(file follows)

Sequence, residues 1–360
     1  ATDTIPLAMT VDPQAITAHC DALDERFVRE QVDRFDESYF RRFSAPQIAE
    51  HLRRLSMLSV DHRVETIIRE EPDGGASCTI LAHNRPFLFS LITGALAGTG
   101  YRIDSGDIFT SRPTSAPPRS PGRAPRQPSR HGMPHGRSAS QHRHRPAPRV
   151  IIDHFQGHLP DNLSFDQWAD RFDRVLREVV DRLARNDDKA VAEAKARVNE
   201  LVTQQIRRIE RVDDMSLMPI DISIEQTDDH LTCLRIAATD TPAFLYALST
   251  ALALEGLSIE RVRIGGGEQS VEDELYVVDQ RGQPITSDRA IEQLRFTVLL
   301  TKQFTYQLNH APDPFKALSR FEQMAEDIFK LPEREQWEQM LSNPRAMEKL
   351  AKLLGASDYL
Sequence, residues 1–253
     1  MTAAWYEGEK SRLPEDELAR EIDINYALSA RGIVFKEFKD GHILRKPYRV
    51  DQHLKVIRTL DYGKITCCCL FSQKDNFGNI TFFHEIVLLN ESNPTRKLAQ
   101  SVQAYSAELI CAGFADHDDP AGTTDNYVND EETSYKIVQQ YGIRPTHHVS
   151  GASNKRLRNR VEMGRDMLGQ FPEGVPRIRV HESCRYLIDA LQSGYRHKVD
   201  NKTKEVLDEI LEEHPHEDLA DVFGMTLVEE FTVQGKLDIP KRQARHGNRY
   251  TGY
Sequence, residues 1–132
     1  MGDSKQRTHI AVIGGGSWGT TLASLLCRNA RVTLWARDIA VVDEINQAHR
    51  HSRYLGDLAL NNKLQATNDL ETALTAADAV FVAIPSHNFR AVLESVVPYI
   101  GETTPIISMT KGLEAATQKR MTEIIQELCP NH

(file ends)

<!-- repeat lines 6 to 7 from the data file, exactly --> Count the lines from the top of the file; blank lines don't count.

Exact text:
   201  LVTQQIRRIE RVDDMSLMPI DISIEQTDDH LTCLRIAATD TPAFLYALST
   251  ALALEGLSIE RVRIGGGEQS VEDELYVVDQ RGQPITSDRA IEQLRFTVLL